By no means does this replace the need for up-to-date anti-virus software. There are still threats around that you have probably never heard of. For example, you might click on a website and they might ask you to run Java. Do you trust it? If no, then you probably should not allow it to. This is an example of what's called a "Java driveby". Once you accept it to run, it can install malware onto your system. It's just that quick. If your antivirus protection is up-to-date then you should be able to detect it easily. However, do not just depend on your antivirus software. Be smart with what you click too. Yes, that means not downloading coolsmilies.exe from thisisalegitsite.com. Remember: the best defence is not having to use it.
Regular scanning with anti-viruses are a must. Even though you may believe that you have not clicked on any funny links, perhaps a popup came up and you didn't notice it. Remember to do a full system scan at least once every week or week and a half. Smart or quick scans are quicker, but they don't scan your whole computer. They just scan the most likely locations for malicious software to be. To be less invasive, perhaps set your computer to scan while you sleep or are going out. Keeping your computer on for one night a week for a virus scan isn't going to harm it any.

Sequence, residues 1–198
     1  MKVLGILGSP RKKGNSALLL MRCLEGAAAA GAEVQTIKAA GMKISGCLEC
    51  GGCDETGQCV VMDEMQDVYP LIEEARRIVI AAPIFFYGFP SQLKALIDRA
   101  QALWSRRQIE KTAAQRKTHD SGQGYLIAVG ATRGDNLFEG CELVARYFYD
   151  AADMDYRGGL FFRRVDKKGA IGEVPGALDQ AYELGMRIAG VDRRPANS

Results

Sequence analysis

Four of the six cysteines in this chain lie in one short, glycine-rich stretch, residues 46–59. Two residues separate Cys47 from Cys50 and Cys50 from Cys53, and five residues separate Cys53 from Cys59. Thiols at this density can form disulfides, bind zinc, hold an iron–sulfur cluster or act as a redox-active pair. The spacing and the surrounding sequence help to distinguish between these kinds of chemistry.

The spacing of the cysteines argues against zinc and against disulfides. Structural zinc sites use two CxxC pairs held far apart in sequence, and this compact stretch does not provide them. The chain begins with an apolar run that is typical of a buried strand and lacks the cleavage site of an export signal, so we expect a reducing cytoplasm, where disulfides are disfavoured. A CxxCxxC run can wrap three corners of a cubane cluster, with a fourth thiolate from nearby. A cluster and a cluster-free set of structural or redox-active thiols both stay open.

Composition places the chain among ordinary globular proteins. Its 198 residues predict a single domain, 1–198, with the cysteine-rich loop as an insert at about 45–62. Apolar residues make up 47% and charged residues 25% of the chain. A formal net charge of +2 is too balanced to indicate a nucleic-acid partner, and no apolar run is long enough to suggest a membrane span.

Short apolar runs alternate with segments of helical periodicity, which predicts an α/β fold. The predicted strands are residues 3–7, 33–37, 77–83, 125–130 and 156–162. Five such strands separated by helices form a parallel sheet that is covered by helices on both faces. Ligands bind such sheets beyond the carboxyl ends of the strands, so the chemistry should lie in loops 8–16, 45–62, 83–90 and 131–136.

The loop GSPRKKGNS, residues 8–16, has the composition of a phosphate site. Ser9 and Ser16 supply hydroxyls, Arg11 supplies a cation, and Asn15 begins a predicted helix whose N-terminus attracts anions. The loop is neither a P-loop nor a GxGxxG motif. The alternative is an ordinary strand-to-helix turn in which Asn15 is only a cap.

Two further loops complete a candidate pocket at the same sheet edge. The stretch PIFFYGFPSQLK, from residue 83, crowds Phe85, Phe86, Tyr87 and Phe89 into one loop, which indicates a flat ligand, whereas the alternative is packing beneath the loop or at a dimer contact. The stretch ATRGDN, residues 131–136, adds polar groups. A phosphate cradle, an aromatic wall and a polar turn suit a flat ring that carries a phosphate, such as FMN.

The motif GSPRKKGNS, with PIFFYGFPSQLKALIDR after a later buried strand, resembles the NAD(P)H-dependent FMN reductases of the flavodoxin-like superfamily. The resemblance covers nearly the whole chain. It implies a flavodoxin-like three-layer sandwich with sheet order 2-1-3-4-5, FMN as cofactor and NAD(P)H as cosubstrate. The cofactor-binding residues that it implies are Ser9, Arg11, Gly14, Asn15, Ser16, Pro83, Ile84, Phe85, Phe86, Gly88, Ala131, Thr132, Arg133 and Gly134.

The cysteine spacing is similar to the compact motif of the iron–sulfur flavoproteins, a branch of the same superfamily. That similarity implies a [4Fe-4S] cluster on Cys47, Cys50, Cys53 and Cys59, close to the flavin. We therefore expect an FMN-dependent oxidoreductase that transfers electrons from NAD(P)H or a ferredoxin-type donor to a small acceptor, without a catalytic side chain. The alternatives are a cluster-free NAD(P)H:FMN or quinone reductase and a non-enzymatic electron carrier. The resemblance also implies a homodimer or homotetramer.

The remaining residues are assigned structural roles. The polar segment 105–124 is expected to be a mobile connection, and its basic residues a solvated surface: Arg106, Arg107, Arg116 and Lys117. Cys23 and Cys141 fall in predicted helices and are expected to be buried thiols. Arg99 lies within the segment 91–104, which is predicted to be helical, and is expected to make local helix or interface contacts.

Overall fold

What about phishing? Phishing is where a user is tricked into giving away their login information to a website pretending to be legitimate. In many cases, players may not even know their account is compromised until it's too late.
The most popular place these are found are in emails. With Jagex granting the ability to link your email account with your Jagex account, it took an already large problem and made it exponentially larger (imagine the size of the Earth being the original problem and the sun being the new problem). So we're screwed huh? Fortunately, most of them are fairly predictable. If they claim your account was banned, hacked, received a black mark, or thrown into hell like the Squeal of Fortune should be, then it's most likely a scam email. Personally, as a general rule, I never click on any RuneScape related email. The odd exception being of course confirmation and if I was recovering my account. After all, anything important such as Player Mod nominations, black mark increases, mutes, bans, or replies will be sent to your Jagex inbox.
If you feel paranoid and want to check if you're on a phishing site, check the URL at the top before you enter anything in. Don't ever trust a site by its content. Often people are very creative with their sites to make them seem legitimate. However, the URL would be different. For example, secure.runescape.kom instead of secure.runescape.com. In most modern browsers you can see the link as you hover your mouse over it. Remember: if it's stinky, no clicky.
It may seem like common sense, but to many it isn't.
Microsoft Security Essentials
Random Password Generator
Random Password Generator